For those worried that the power-pop tendencies are lost on BRAND NEW SOUL, fear not, as tracks like “Don’t Stop” and “Born 2 Run” are among the most hook-laden tracks the band has ever recorded. Imagine YAK‘s “Big Bite” or Pretty Buff‘s “Big Ass Love” interpreted by Justice, a man who now looks and sounds like if the cover of David Bowie’s second album was incredibly jacked, wore gold fronts, and had a Mentally Vexed tattoo on his chest.

“I always wanted to progress and push and try. That’s the fun thing. Playing the mosh part that you know is gonna make people move over and over again in every song gets exhausting. But finding a new way to challenge people, that’s the energy of music,” Justice says. “Nothing stays cool forever because it’s a moment. We’re all existing in a moment and the moment’s always changing. To be an artist, I think you have to change with the times. You have to grow. An artistically conservative mindset, I don’t think will stand up and survive.”

It’s a telling perspective. With this being the first Angel Du$t record since his former bandmates have become the rock band on the tip of everyone’s tongue, no one would look sideways at Justice if he decided to get in on that action. After all, a cursory listen to Trapped Under Ice’s 2017 reunion record Heatwave (another album that people have only recently warmed up to) proves that Justice is one of the few artists capable of coming close to that band’s aura. Just listen to “XL” and tell me Trapped Under Ice didn’t have the Glow On sound down before Turnstile themselves — “Boom, boom, boom” and all. But while others would see this as a chance to capitalize on that sound, that’s just now how Justice operates.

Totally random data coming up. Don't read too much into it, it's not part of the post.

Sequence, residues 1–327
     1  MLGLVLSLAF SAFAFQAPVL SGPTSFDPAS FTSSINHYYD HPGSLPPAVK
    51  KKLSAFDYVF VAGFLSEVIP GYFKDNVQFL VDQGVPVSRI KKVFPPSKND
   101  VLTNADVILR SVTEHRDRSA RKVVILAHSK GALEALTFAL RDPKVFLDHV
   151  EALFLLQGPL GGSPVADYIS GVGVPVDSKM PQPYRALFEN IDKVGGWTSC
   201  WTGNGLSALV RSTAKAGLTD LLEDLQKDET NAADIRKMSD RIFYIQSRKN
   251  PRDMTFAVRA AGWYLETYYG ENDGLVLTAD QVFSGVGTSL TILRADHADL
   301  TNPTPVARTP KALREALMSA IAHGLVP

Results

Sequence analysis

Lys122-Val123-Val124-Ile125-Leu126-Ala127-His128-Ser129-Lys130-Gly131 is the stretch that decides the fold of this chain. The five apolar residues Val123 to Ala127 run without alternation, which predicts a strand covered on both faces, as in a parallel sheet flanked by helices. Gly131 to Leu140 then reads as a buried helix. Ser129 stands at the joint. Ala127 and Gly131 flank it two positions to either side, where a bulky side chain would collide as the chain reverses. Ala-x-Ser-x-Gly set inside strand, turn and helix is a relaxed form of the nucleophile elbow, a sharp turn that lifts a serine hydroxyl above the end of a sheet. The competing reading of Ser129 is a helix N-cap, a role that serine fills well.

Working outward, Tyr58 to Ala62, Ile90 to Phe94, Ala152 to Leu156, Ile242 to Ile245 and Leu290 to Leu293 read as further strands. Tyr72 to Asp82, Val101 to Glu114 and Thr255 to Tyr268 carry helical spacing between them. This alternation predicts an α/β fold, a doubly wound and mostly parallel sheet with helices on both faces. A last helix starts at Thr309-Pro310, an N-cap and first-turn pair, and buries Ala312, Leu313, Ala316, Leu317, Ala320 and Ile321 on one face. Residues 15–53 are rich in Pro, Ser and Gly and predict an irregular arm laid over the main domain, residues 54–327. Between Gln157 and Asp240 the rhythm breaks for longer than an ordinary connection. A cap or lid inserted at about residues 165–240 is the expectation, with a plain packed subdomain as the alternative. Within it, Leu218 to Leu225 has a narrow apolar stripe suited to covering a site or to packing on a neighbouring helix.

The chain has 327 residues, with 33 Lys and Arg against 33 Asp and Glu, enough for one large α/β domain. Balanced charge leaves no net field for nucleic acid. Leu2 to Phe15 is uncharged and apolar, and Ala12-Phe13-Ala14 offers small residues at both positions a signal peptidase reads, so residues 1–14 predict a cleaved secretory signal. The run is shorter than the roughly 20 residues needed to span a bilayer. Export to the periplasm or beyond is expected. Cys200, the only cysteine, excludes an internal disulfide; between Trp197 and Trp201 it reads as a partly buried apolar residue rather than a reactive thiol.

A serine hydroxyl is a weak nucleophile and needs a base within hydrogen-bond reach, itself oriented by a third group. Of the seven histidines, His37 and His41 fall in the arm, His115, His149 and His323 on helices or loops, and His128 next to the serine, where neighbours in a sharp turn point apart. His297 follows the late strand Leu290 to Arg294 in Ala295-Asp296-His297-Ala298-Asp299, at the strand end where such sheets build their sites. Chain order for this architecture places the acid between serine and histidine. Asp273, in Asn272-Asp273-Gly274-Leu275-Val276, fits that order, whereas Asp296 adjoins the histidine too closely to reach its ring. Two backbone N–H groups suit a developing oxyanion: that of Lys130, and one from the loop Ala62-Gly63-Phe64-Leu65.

“I’ve been with people creatively where that’s the conversation. It’s like, ‘Well, what do kids like right now? They like this. Let’s do this.’ And I don’t think you can authentically do that,” Justice says. “If you listen to 100 Gecs, it’s very accessible to young people; young people love that shit. But it’s not because they’re trying to do something that young people like, they’re just being themselves, authentically. But they’re doing something that’s theirs. And there’s people now that are imitating that shit. And people, and especially young people, aren’t stupid. They can see the sales pitch, they can see the fucking fake business bullshit attached to that. You just gotta do what you do authentically and that’s what wins. That’s what matters.”

It’s a claim backed up by the choice to cover the Coneheads’ “Waste Of Space” on BRAND NEW SOUL. The short-lived Northwest Indiana band were at the forefront of the wave of punk bands mutating the sounds of Devo into short, fast, otherworldly punk songs. And really, that’s the exact thing that Justice is trying to do with Angel Du$t. Only replace Devo with the totality of ’80s American hardcore. “I do feel musically connected to anything that’s creative and challenging and pushing boundaries,” Justice says. “When I discovered that scene of people and bands, my vibe was like, ‘Oh man, these people do with punk what I want to do with hardcore.’ That’s inspiring to me. Taking it and making it theirs, undeniably theirs, and forever impacting music. I truly am very influenced by the Coneheads.”

Over the course of his career in hardcore, Justice has become the kind of person that so rarely finds a home there anymore. He’s an outsider in all senses — a guy known for heavy hardcore who now artistically resembles the weirdos who used to rail against his earlier bands. “It’s created a desire for me to make people feel welcome, to give a place to people who are different in the ways that I’m different,” Justice says. “I see it a lot in the musical environment, at shows or at home, I meet younger people who I can tell don’t belong in the outside world. People who, for whatever reason it is, they’re as uncomfortable in society as I am. So for me, it’s created a desire to create a bridge for those kind of people.”